By Tim Vickery
South American football reporter
Brazil won the 2003 World Youth Cup - for players of 20 and under - with a team that included a 25-year-old.
Carlos Alberto (right) was part of the Brazil squad that won the tournament
It was revealed last week that defensive midfielder Carlos Alberto had fiddled his age.
He was not born on 24 January 1983, but on that same date in 1978.
He is now nearly 29, and when Brazil won the trophy in Abu Dhabi he was just over a month short of his 26th birthday - closer to 30 than 20.
These cases are frequent in Brazil, but there are other culprits.
In South America, Ecuador have also had problems, the finger of accusation is frequently pointed at Africa - and in his biography of Alf Ramsey, Dave Bowler alleges that the former England manager was also guilty.
Bowler claims that Ramsey shifted his date of birth from 1920 to 1922. The reason was the Second World War.
It prevented his career from getting under way at the usual age, and he was worried that come the end he would be considered too old to be offered a professional contract.
Ramsey, then, had extenuating circumstances - but so does Carlos Alberto.
He comes from a society with a brutal divide between the few that are rich and the many that are poor.
Without his football ability, Carlos Alberto would be condemned to a life without hope; three hours on the bus to work every day and three hours back, often on foot, long working hours and dismal salaries at the end of it - providing, of course, he is lucky enough to have a job.
He went to the tournament and set off a time bomb for himself
The idea that those in these circumstances are a happy bunch, forever doing the samba on the way to the beach, is a monstrous fiction - created by Brazilian fascism, boosted by the tourist industry and repeated by those unable to think for themselves.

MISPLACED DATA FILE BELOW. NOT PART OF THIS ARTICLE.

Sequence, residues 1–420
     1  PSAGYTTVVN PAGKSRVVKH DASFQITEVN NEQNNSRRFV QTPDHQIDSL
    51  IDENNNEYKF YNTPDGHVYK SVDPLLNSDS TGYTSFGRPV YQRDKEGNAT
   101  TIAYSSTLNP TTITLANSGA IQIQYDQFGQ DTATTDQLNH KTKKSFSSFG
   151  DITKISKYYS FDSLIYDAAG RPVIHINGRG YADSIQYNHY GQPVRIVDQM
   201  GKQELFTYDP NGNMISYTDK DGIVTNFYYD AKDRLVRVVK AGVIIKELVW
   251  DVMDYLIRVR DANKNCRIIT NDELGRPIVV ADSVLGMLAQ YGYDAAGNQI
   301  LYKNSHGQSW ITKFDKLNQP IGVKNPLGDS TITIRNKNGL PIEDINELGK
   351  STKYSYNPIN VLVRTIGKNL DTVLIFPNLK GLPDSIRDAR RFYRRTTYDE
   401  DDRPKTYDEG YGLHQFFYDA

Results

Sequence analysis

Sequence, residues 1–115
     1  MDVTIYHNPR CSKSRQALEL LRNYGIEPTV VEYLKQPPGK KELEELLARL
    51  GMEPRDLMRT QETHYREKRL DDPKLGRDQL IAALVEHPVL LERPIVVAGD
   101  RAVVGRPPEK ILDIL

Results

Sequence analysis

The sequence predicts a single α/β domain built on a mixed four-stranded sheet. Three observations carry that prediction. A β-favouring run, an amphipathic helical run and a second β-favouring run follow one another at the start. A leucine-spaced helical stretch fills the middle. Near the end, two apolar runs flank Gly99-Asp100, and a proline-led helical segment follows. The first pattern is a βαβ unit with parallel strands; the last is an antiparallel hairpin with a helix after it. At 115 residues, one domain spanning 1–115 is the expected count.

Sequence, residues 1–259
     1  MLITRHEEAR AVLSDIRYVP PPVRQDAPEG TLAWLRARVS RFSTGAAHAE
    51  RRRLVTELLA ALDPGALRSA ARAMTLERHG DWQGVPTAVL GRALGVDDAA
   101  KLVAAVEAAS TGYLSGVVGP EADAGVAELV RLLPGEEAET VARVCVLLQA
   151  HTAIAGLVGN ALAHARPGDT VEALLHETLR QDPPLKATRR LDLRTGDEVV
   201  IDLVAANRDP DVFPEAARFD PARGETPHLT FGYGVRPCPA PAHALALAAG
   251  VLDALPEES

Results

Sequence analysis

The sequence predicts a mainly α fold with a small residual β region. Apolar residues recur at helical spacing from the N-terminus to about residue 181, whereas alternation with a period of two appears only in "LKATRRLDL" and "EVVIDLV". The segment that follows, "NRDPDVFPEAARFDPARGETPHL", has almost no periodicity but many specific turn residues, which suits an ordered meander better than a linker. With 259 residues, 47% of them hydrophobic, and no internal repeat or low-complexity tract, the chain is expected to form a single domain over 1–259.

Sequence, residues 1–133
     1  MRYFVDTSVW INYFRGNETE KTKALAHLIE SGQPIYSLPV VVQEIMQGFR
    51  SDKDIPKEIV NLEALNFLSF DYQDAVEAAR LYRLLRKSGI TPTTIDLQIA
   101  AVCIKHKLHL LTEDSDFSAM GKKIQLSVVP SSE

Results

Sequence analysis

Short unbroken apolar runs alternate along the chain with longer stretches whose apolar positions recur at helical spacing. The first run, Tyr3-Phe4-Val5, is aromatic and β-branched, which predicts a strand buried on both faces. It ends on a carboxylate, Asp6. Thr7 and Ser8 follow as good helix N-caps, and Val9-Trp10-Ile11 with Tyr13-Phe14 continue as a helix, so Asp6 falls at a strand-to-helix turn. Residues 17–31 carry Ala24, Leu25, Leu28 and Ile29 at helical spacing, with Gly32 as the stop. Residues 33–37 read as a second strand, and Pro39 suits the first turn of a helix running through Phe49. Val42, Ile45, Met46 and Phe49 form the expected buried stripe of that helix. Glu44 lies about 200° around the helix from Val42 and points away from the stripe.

Carlos Alberto's talent was not a fiction. After solid service with Figueirense he was about to move to Sao Paulo, currently Brazil's best club, when the scandal exploded.
In a society where the dice were loaded against him he told a lie - which only worked because he backed it up with hard work and ability.
But he made one big mistake - he should never have represented his country in that World Youth Cup.
Not only did he cheat the competition, he also deprived a legitimate team-mate of the opportunity to take part.
The tournaments are wonderful experience From Maradona to Messi the World Youth Cup has been an important stage in many careers.
Brazil's 2003 side, for example, included Daniel Alves and Adriano, both now soaring with Sevilla, as well as the current CSKA Moscow pair of Dudu Cearense and Daniel Carvalho. They could have had one more teenage prospect on board.
There is little doubt that the Brazilian FA had no idea that Carlos Alberto was overage. Brazil produces so many players that they have no need of age cheats, and after a number of cases came to light at the start of the decade suspects were quietly dropped.
So when the call up came in 2003 Carlos Alberto should not have answered. A strategic injury or a discreet word in the right ear would have solved the problem.
Instead of which, he went to the tournament and set off a time bomb for himself.
And there is one excuse Carlos Alberto cannot use. He was old enough to know better.